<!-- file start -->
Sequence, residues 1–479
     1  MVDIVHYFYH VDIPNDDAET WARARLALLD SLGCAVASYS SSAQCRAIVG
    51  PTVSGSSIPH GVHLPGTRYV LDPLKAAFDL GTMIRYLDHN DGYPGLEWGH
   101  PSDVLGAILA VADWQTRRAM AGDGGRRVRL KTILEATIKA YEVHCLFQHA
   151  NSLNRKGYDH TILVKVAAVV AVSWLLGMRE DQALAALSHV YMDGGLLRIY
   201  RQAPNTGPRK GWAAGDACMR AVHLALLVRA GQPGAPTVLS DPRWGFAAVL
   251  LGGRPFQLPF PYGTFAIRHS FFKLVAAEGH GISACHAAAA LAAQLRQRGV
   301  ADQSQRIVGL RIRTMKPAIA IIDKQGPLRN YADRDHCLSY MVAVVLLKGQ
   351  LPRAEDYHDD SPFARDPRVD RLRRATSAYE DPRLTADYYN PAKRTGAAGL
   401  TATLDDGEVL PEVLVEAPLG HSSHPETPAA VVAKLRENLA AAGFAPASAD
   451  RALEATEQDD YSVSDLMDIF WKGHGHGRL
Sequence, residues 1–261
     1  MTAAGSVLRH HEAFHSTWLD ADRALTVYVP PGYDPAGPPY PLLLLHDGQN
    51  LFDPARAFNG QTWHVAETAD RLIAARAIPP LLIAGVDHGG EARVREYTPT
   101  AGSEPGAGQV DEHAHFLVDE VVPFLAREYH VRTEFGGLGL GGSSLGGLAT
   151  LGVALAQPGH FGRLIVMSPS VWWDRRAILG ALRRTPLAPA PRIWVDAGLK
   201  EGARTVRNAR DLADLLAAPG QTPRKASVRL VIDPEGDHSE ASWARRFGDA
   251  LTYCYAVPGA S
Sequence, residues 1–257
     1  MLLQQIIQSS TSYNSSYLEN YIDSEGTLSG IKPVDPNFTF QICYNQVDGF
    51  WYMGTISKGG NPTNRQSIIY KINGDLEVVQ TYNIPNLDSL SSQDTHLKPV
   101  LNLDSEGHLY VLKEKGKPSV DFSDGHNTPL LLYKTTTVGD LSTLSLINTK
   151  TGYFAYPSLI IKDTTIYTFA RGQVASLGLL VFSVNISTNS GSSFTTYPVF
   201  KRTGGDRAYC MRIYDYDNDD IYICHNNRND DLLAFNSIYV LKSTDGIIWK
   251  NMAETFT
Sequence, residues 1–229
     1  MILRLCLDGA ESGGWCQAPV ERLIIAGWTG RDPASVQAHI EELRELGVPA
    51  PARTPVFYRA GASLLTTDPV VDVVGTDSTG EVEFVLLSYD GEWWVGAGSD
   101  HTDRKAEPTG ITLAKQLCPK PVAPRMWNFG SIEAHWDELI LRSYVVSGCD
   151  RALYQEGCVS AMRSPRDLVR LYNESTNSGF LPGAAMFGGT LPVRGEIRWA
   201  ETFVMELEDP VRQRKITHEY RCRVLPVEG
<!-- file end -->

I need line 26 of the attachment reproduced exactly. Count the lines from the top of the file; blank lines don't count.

Sequence, residues 1–229